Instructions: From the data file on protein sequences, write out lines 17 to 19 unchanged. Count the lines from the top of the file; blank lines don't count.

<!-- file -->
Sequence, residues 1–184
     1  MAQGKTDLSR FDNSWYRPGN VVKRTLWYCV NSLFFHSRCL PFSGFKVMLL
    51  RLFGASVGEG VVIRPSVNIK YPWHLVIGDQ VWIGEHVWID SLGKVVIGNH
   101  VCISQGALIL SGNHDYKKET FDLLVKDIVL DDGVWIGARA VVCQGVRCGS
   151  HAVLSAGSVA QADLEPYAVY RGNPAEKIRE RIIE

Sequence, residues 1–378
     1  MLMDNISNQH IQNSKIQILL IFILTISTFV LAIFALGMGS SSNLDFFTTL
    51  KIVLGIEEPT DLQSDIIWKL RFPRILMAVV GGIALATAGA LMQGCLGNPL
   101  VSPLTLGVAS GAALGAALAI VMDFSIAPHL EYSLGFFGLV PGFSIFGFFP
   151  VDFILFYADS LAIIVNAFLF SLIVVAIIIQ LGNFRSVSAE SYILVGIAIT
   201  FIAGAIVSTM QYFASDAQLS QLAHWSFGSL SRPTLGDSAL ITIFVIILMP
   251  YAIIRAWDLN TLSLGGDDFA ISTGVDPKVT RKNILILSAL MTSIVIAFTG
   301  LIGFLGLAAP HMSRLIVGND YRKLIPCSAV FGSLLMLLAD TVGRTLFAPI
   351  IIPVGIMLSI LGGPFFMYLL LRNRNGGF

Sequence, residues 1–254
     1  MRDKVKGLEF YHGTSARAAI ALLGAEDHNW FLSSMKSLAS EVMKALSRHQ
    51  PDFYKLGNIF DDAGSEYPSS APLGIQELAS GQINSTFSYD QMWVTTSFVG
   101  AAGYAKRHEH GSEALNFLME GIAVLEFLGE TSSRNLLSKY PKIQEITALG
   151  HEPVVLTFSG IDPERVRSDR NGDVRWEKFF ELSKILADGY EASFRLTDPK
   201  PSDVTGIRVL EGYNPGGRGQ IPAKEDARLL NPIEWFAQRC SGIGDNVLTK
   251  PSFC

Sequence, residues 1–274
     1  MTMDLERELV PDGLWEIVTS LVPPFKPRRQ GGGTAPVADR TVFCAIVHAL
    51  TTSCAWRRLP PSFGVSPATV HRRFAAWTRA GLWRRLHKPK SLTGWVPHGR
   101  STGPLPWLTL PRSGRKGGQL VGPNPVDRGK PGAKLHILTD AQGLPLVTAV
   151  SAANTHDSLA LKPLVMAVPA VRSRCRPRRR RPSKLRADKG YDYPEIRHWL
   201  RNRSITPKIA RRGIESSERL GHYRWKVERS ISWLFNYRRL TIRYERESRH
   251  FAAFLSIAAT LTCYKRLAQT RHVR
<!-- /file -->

    51  PDFYKLGNIF DDAGSEYPSS APLGIQELAS GQINSTFSYD QMWVTTSFVG
   101  AAGYAKRHEH GSEALNFLME GIAVLEFLGE TSSRNLLSKY PKIQEITALG
   151  HEPVVLTFSG IDPERVRSDR NGDVRWEKFF ELSKILADGY EASFRLTDPK